2. One match for “office” and “station” is “room, department or building used to provide a particular service” (ODE on “office”) and “place or building where a specified activity or service is based” (ODE / station). Your local post office and police station are examples. No native speaker of English would talk of a post station or police office, but if a second-language English speaker did, you would know perfectly well what they meant.

  15. 24.35

    Maybe found this a smidgeon more accessible than others though couldn’t parse SUMMONSES and had to trust to COPEPOD.

    Liked BAPTISM OF FIRE quite a lot – immersion heating indeed

    Thanks all

  16. I liked this, which took me a full hour (a bit less for all but one clue, RETCH, which took me a few minutes of peaceful thinking before I understood the wordplay and knew that really would be the right answer). A large number of clues needed to be biffed before I could confirm the answers from the wordplay (CATTLE GRID was one, where I needed to realize that the minor way would not be a B ROAD). I remember cattle grids very well from my extended bicycle tour of Scotland 50 years ago — not too pleasant to cycle over. As usual for Dean, there were many really excellent clues such as STAYCATION or BUGATTI, among others.

  17. Completely flummoxed by this, I’m embarrassed to say, with no hope of getting the long answers, and only luckily hitting on the shorter ones. Several NHOs: CAT for retch, MURRAIN, COPEPOD, MONOMANIA. But BUGATTI went straight in, as did CATTLE GRID (from definition), and BAPTISM OF FIRE a happy BIF. Is STAYCATION a ‘new-fangled word’? As I’ve not heard of it before. Enjoyed getting RECREANTS, which some here claimed a NHO. Ashamed not to see the definitions for INDISCRIMINATE and TWEETER.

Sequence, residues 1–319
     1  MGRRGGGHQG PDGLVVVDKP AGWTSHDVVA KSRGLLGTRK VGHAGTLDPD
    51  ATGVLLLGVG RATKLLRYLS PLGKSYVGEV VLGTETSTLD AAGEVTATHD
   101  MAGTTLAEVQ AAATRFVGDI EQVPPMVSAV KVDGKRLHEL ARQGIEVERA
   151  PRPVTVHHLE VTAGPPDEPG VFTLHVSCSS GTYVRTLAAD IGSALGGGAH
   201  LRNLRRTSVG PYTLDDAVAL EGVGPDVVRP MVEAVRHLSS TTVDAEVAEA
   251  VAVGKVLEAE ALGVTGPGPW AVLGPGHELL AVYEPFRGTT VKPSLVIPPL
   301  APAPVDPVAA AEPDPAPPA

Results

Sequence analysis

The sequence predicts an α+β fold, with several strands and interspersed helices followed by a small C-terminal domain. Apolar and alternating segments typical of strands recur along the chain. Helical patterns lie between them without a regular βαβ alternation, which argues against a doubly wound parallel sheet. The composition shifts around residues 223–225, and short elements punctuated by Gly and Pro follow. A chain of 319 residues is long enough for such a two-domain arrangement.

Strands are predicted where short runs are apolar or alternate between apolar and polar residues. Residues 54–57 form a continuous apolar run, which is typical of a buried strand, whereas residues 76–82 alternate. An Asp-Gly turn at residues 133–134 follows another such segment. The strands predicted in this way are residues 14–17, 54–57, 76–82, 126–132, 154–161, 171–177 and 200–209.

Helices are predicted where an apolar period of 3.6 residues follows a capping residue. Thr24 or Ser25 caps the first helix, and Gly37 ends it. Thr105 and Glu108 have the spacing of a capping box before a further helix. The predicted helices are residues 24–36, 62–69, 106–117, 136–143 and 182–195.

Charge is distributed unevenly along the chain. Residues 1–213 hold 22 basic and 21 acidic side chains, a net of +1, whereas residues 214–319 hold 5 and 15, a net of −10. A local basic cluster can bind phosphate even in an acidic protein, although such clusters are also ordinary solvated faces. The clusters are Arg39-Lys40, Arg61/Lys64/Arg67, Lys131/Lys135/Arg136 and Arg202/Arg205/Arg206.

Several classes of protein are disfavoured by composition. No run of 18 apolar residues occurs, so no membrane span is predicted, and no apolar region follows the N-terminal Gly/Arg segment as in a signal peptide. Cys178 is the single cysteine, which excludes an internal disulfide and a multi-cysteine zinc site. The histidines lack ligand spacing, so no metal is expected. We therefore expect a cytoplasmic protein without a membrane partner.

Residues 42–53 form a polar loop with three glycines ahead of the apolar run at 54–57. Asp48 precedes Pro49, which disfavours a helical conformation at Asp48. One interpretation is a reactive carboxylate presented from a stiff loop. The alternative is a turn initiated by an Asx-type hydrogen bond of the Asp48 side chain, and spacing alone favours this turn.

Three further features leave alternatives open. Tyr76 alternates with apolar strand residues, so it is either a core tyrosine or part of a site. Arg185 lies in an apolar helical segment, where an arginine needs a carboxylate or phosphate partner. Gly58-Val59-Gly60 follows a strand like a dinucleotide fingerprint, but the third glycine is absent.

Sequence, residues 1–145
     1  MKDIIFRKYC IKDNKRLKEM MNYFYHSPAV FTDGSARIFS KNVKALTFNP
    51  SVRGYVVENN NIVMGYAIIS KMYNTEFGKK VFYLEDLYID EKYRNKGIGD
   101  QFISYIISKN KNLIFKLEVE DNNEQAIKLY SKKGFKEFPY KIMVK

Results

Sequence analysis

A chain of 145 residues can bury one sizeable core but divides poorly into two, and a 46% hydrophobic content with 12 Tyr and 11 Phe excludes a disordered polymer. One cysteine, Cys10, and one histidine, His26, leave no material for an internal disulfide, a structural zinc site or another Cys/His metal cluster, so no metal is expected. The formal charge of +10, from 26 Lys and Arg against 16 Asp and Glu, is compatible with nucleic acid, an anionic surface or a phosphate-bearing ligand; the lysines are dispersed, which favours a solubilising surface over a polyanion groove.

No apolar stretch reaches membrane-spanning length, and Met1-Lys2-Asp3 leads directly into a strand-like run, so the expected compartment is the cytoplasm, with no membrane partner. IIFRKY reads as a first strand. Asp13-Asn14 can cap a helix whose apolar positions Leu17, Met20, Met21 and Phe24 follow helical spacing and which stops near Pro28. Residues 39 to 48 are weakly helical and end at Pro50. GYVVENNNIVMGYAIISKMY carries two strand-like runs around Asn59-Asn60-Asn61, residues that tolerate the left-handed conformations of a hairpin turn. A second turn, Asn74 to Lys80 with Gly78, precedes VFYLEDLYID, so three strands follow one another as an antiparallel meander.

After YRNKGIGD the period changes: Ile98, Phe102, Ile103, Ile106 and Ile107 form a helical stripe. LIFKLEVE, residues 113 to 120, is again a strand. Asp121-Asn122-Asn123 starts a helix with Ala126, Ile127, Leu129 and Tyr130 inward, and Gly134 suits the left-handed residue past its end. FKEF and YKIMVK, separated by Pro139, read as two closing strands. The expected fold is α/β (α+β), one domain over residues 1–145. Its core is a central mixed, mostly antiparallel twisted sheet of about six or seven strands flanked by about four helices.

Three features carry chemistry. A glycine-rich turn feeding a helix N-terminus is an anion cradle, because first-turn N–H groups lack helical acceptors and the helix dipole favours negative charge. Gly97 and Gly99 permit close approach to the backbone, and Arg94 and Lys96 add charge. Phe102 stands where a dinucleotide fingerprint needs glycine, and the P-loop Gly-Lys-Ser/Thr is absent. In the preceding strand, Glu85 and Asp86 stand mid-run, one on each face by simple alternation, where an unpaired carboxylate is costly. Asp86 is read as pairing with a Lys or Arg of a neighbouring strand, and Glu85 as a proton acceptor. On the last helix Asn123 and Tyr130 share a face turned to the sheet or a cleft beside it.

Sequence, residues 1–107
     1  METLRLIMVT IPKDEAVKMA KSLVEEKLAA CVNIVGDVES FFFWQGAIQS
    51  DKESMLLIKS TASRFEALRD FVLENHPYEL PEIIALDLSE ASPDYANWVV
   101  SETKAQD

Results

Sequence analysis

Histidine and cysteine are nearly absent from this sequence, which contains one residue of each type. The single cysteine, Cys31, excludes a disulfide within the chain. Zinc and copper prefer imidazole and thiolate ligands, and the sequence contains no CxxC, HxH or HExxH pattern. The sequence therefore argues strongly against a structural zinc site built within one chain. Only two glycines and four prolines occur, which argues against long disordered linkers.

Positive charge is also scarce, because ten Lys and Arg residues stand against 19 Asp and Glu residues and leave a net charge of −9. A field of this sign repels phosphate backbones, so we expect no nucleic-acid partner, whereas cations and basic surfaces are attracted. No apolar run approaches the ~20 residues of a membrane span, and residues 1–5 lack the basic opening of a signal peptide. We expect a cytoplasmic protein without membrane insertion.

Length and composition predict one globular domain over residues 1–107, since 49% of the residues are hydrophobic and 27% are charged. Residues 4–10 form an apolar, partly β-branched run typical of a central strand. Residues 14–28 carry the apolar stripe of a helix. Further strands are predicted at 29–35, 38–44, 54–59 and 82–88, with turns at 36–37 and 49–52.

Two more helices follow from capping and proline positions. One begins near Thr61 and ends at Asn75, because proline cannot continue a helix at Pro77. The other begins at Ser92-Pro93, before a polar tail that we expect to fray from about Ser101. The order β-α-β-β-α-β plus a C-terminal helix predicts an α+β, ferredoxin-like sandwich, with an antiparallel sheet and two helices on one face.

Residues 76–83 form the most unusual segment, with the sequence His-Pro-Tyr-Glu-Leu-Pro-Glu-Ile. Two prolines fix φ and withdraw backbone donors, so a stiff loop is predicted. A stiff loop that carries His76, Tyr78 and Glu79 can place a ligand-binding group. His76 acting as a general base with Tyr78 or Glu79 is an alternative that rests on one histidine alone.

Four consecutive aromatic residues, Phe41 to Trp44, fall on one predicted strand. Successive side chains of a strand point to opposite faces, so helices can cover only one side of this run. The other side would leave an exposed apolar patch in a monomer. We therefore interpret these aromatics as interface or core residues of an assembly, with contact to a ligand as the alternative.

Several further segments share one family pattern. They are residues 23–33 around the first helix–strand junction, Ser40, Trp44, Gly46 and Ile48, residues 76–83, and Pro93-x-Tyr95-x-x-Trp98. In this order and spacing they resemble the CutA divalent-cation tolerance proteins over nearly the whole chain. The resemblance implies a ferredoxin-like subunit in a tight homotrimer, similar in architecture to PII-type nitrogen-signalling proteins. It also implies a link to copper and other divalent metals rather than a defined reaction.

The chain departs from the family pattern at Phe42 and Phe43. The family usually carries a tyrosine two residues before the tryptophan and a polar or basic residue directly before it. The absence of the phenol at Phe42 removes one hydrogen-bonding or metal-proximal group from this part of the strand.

18. Thanks Dean and guy
    Found this pretty difficult, taking three spaced sittings across both days of the weekend. In fact, the final 2/3 of the puzzle was basically using a word-finder to get an answer and then using the parsing of it for the enjoyment factor.
    Didn’t help matters by smugly writing in GUARANI in at 11a – thinking that it was GU (centre of Paraguayan) + ARAN (island) + I (oops another island) to give the Paraguayan currency – hmm nearly worked – but was still incorrect !
    Finished in the SE corner with INTRO, FLIGHT and GRAFTER (after googling the British slang term). A different solve where the chief takeaway was the additions to the vocabulary. Oh and that K2 clue !